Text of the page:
McCutchen matures into a more dangerous hitter
By Rob Biertempfel
Published: Friday, March 15, 2013, 6:57 p.m.
KISSIMMEE, Fla. — Although he never faced Andrew McCutchen in a game, former big league pitcher John Smoltz remembers scouting the Pirates outfielder in 2009. It was McCutchen's rookie season and the end of Smoltz's 21-year career.
“Like a lot of young guys, McCutchen had some holes in his swing and he was pitchable,” Smoltz said.
Now an analyst for MLB Network, Smoltz marvels as he watches McCutchen go to work at the plate. Smoltz sees a mature hitter who would give any pitcher nightmares.
“He's made more one-year adjustments than I've seen from a player in a long time,” Smoltz said. “He's put those holes down to a very few if any. He's not a free swinger; he's more than just a home run-hitter. He's got all the tools. He's got plate coverage and discipline. He can do it all. It takes most guys years to make certain adjustments, but he seems to have picked them up a lot quicker.”
The Pirates went through two hitting coaches — Don Long and Gregg Ritchie — in McCutchen's first four years in the majors. Jay Bell took over the job this year. But many of the adjustments McCutchen has made are his own handiwork.
“They say you're your own best coach, and I believe it,” McCutchen said. “Only you know how you feel when you're hitting. There are physical things that people may see, but a lot of times it's not anything mechanical that needs adjustment. It's more mental. It's more of a feel. For me, I coach myself because I know what I need to do. It's about feel and being comfortable.”
Some of the differences in McCutchen from his rookie year to now can be quantified statistically. For example, he has become more of a line-drive hitter, and a greater percentage of his fly balls end up being home runs, which shows he's a more purposeful and powerful hitter.
Pitchers are throwing McCutchen fewer fastballs and going outside of the strike zone more often. McCutchen, in turn, has begun offering at more pitches regardless of whether they are inside or outside the zone.
Like most hitters, McCutchen has tweaked his mechanics. But the biggest reason behind his adjustments, he said, is something intangible.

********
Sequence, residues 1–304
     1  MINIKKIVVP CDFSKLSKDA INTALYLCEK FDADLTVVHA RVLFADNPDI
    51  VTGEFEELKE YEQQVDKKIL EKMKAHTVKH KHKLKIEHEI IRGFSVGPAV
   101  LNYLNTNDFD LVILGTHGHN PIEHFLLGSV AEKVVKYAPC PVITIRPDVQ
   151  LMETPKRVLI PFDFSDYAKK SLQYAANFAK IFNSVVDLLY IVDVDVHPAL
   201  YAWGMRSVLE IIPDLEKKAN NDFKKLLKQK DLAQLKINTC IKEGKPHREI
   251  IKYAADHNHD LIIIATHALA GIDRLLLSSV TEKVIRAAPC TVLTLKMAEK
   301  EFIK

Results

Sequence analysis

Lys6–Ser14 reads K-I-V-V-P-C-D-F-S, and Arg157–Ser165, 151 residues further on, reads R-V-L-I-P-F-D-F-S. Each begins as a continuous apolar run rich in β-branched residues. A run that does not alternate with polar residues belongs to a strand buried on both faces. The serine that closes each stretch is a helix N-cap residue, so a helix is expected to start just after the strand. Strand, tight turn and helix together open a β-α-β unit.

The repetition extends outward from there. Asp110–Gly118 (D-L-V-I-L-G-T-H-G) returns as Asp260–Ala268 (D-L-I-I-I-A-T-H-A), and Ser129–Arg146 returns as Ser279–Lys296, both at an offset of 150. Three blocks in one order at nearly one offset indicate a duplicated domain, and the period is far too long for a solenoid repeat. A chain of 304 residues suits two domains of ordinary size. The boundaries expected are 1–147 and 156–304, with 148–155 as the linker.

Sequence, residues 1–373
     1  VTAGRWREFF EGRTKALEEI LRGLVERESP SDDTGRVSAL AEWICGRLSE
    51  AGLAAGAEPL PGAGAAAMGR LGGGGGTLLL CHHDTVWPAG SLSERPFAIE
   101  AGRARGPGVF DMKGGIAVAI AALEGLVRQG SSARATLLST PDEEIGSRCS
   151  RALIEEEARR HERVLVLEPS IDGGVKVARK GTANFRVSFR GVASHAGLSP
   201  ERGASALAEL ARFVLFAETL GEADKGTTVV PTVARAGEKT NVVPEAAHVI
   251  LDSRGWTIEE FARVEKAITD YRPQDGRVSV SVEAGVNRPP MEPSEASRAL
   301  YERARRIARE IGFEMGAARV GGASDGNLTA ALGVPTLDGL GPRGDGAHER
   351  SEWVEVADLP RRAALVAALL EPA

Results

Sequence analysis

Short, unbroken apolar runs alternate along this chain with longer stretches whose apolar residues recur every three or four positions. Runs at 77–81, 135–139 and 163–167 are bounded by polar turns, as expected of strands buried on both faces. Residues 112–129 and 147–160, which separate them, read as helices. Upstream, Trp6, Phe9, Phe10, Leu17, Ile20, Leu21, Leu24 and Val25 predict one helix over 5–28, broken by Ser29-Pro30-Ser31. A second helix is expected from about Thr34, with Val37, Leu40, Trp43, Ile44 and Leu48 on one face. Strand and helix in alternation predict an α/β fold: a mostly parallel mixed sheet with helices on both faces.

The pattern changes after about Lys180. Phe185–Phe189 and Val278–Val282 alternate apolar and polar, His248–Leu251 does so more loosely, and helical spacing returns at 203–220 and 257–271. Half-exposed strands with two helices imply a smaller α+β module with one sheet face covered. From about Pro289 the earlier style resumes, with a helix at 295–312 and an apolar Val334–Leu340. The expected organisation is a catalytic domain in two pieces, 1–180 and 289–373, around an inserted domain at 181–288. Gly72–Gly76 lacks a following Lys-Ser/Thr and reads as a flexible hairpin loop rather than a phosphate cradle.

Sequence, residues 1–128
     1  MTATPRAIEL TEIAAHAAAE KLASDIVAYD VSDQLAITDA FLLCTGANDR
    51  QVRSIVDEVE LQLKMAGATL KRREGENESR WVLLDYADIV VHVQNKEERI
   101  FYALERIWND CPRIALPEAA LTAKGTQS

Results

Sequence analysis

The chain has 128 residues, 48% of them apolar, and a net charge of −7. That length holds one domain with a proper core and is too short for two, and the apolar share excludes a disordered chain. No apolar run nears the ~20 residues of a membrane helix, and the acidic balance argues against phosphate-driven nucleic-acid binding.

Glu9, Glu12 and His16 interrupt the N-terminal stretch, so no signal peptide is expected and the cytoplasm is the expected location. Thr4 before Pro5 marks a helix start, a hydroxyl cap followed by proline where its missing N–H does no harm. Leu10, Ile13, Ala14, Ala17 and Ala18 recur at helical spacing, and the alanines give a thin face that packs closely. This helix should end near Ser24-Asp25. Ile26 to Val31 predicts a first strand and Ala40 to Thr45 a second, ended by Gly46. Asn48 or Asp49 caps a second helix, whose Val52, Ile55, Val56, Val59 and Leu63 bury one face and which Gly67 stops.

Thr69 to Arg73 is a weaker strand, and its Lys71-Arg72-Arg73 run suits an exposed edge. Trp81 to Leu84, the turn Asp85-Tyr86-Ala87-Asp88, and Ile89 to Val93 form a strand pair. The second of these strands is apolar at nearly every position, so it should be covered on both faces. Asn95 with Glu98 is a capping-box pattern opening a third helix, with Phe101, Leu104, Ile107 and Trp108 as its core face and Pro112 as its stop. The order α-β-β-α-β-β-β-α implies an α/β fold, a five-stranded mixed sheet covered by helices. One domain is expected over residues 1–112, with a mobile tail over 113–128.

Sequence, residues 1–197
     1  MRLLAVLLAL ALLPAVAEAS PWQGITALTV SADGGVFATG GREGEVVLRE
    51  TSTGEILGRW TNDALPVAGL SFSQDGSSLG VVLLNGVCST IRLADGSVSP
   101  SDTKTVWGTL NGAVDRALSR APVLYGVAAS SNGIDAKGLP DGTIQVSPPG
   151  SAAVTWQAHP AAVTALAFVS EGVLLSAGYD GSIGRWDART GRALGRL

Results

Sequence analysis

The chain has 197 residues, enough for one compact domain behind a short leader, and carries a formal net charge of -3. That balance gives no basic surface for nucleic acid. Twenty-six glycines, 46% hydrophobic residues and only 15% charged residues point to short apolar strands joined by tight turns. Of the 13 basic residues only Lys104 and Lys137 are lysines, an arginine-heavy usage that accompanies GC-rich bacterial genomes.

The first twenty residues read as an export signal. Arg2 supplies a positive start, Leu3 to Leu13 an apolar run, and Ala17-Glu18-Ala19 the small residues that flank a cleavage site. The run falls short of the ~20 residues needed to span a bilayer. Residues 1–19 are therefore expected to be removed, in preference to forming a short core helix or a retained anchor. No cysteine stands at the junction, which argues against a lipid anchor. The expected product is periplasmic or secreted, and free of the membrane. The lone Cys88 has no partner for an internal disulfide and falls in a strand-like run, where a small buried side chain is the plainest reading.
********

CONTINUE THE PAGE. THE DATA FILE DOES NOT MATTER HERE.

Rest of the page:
“Pitch recognition and all that comes from being comfortable at the plate,” McCutchen said. “I needed to find consistency. The key to that is being comfortable, and last year I found it. It helped me have a good year.”
McCutchen lost that feeling in the second half of the 2011 season when his performance dropped significantly.
“There were times a couple of years ago when I felt like I had to be the guy who got the big hit when we weren't scoring many runs,” McCutchen admitted. “I was trying to swing out of my shoes. Now, I stay toward the middle of the field and try to hit low line drives. That's what it's all about for me. “
McCutchen has had a lot of success as his own mentor, but that hasn't prevented Bell from offering advice.
“Hopefully I'm wise enough to sit back and listen to what he has to say, too,” Bell said. “He's made some adjustments. There are going to be times when he'll fail, and he's going to have to learn a little bit more. I try to make it as simple as I possibly can in my approach.”
Show commenting policy
TribLive commenting policy
You are solely responsible for your comments and by using TribLive.com you agree to our Terms of Service.
We moderate comments. Our goal is to provide substantive commentary for a general readership. By screening submissions, we provide a space where readers can share intelligent and informed commentary that enhances the quality of our news and information.
While most comments will be posted if they are on-topic and not abusive, moderating decisions are subjective. We will make them as carefully and consistently as we can. Because of the volume of reader comments, we cannot review individual moderation decisions with readers.
We value thoughtful comments representing a range of views that make their point quickly and politely. We make an effort to protect discussions from repeated comments either by the same reader or different readers.
We follow the same standards for taste as the daily newspaper. A few things we won't tolerate: personal attacks, obscenity, vulgarity, profanity (including expletives and letters followed by dashes), commercial promotion, impersonations, incoherence, proselytizing and SHOUTING. Don't include URLs to Web sites.
We do not edit comments. They are either approved or deleted. We reserve the right to edit a comment that is quoted or excerpted in an article. In this case, we may fix spelling and punctuation.
We welcome strong opinions and criticism of our work, but we don't want comments to become bogged down with discussions of our policies and we will moderate accordingly.
We appreciate it when readers and people quoted in articles or blog posts point out errors of fact or emphasis and will investigate all assertions. But these suggestions should be sent via e-mail. To avoid distracting other readers, we won't publish comments that suggest a correction. Instead, corrections will be made in a blog post or in an article.
- Top pitching prospect Taillon’s time with Pirates must wait a bit
- Pirates notebook: Martin finding power stroke
- Pirates notebook: Volquez, Morton struggle
- Pirates notebook: Closer Grilli sharp in brief outing
- Pirates reserve outfielder Dickerson is also at home on soccer pitch
- Spring training breakdown: Orioles 7, Pirates 6
- Pirates’ Wilk thrown a curve in South Korea
- Spring training breakdown: Twins 6, Pirates 5
- New Pirates pitcher Eppley brings special delivery to team’s staff
- Pirates rained out; Grilli debut on hold
- Pirates seek to tap Alvarez’s remaining upside